Perceived enemies continue to be largely excluded from substantive dialogue as the political impasse continues. It takes a brave person to go beyond the politics of rhetoric and seek genuine meeting of minds where opposing views are tolerated and enrichment takes place. Yet such bravery is vitally needed; our people desire dialogue and reconciliation, not confrontation and animosity. As Christians we are called ‘to love our enemies, to do good to those who hate us, to bless those who curse us’ (Luke 6:27). When this happens one’s perceived enemy becomes a friend in the making.

The building of confidence in the electoral institutions:
People have become very suspicious of the institutions that govern elections; some have withdrawn from the electoral process itself by not voting. The electoral institutions in Zimbabwe need to be reformed and the directives and guidelines for such reform have been stipulated by the SADC protocol, August 2004. The SADC agenda is demanding but Zimbabwe has signed up to it and our word must be our bond. In so far as this reform is internally desired rather than externally imposed confidence will grow once again.

The need for a new home-grown Constitution:
The Constitution is the supreme law of the land. It defines how our society is to be governed, the rights and duties of citizens, etc. Our current Constitution is not homegrown. It is a document of expediency rather than one of desire. It has been amended so many times that its image is tarnished. The Constitutional issue must be genuinely re-addressed if the aspirations of our people for true autonomy and self-esteem are to be realised.

The right to food:
We may offer excuses or apportion blame but the fact remains that Zimbabwe does not, at this time, have enough food to feed its own people. Hunger affects the human body; being an affront to human dignity it also affects the soul. The threat of withdrawal of food aid bedevilled many vulnerable rural communities in Manicaland in the recent election. Jesus has terrible words to say to those who ‘saw him hungry and did not give him food’ (Mathew 25:41-42). Once again we condemn this insidious practice. Access to food for hungry widows, orphans and children is not a privilege but a right. Everything possible must be done to make food available to hungry people without discrimination and to enable our nation to feed itself.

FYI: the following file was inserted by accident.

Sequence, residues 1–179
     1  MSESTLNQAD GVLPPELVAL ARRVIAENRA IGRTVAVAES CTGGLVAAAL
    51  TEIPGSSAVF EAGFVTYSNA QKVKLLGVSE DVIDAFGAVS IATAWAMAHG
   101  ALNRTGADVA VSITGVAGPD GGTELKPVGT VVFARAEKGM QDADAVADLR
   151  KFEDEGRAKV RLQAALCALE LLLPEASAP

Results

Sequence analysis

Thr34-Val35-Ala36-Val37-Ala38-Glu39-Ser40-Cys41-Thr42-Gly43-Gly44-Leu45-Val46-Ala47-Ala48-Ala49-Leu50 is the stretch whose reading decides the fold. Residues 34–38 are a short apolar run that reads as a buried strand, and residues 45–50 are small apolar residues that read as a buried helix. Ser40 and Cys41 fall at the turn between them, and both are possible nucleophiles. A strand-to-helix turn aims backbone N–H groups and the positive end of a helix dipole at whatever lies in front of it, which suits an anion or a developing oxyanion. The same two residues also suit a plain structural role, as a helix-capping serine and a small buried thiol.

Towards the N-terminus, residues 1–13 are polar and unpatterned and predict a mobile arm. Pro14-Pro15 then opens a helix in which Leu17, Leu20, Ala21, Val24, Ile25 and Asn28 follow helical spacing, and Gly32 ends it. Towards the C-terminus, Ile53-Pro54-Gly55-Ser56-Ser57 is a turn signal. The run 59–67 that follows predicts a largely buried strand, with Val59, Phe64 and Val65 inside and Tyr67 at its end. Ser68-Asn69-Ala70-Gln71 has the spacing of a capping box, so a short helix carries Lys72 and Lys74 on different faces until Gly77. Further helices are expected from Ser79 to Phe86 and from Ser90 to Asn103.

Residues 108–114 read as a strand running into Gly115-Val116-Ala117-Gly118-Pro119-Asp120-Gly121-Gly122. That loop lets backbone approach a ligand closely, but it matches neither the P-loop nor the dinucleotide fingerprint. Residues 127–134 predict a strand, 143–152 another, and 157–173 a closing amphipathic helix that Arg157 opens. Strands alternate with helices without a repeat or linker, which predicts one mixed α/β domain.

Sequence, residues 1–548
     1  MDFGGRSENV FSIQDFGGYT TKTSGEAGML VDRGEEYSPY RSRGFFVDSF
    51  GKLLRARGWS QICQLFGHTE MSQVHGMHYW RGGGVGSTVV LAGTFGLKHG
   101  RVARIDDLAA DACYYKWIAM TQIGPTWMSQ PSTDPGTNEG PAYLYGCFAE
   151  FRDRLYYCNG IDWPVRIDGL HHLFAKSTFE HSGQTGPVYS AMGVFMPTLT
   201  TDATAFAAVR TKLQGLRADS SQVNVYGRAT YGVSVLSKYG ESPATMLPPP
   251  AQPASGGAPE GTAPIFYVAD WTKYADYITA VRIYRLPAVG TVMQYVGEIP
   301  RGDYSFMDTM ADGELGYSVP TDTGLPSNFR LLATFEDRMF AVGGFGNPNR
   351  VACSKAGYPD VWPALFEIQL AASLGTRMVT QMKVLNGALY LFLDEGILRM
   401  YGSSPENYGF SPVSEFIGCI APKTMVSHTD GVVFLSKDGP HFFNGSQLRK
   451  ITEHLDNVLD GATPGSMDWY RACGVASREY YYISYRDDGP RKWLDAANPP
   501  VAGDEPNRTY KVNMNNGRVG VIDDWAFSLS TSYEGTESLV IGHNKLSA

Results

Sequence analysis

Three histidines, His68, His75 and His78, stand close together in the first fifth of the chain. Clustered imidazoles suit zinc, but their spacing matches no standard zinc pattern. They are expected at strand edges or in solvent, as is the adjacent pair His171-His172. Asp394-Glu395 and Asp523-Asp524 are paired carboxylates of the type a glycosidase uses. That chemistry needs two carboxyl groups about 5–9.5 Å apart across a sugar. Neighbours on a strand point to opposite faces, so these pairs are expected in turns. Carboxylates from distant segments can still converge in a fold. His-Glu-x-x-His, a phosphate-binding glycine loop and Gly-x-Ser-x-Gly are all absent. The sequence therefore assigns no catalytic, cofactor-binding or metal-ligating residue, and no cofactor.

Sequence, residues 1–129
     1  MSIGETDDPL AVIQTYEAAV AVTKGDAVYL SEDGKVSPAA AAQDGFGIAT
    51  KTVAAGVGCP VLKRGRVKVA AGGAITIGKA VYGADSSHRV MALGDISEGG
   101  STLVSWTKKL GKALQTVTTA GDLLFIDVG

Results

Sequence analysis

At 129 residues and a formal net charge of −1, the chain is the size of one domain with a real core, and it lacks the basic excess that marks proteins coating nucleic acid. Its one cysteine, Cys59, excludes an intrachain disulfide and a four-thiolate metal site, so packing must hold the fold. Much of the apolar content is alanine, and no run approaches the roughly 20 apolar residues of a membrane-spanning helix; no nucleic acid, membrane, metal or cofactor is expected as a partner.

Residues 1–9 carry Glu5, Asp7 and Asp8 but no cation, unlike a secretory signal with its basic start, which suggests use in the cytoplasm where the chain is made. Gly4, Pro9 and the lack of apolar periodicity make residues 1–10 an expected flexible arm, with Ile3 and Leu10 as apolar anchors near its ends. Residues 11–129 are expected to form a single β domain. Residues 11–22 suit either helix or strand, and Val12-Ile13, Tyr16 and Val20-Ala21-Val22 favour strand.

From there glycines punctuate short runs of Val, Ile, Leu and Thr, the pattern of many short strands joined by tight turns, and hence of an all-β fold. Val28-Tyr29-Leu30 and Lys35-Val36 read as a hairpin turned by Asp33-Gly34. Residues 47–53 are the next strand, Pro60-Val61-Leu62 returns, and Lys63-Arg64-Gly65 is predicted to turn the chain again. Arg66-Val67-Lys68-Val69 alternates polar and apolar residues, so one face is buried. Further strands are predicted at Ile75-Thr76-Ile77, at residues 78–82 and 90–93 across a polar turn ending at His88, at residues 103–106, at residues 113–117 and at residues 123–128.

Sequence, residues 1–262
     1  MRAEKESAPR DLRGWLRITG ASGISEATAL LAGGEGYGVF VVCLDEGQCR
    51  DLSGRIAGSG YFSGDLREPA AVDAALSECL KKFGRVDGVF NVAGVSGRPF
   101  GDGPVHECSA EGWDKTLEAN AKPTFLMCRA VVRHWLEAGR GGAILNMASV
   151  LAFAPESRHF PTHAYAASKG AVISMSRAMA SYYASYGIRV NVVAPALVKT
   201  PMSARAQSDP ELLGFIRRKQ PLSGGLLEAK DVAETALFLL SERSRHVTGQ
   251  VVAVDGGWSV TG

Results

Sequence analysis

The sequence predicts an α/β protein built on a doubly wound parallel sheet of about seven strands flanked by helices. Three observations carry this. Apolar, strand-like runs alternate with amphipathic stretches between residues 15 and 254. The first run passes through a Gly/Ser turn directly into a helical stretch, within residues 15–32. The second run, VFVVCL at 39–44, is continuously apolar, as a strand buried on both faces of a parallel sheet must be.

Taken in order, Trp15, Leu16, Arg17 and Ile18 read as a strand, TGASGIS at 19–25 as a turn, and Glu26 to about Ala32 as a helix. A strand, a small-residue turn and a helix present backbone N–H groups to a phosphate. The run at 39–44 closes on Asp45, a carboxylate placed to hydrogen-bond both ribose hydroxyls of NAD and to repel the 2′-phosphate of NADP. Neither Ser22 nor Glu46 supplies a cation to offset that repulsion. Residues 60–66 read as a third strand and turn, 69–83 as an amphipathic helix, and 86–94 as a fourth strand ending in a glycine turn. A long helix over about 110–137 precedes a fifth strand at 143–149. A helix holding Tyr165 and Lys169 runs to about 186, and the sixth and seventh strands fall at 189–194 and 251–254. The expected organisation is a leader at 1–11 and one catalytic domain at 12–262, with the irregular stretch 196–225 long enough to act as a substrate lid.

The need for continued zero tolerance of intimidation and violence:
Whenever our physical body is threatened, our inalienable human dignity is also demeaned. Intimidation and violence are stone-age tactics that can have no place in our lives. They undermine all that we as a nation stand for. We must learn to resolve our grievances and manage our conflicts in a mature, responsible manner. We continue to encourage law enforcement agents to be vigilant in fulfilling their constitutional obligation to protect all citizens without fear or favour.

In the aftermath of this election we continue to appeal to those newly elected, to the electorate and to authority figures to ‘strive to realise the basic principles of justice, mercy and compassion (Mathew 23:23) in the society in which we live. This will require rejecting the culture of lies and hypocrisy and intimidation and . . . the promotion of honesty, truth and self-sacrifice within private and public institutions’ (quotation from Churches in Manicaland statement, post-Presidential election 2002).

Daunting and challenging tasks lie ahead. They must be realised hand-in-hand as we face the future with courage and hope. As Churches in Manicaland we are not aligned to any particular interest group or political party. We are strictly non-partisan in regard to party politics. We pray that our vision for our beloved country may be embraced by others so that we may all experience greater freedom and the fullness of life and love.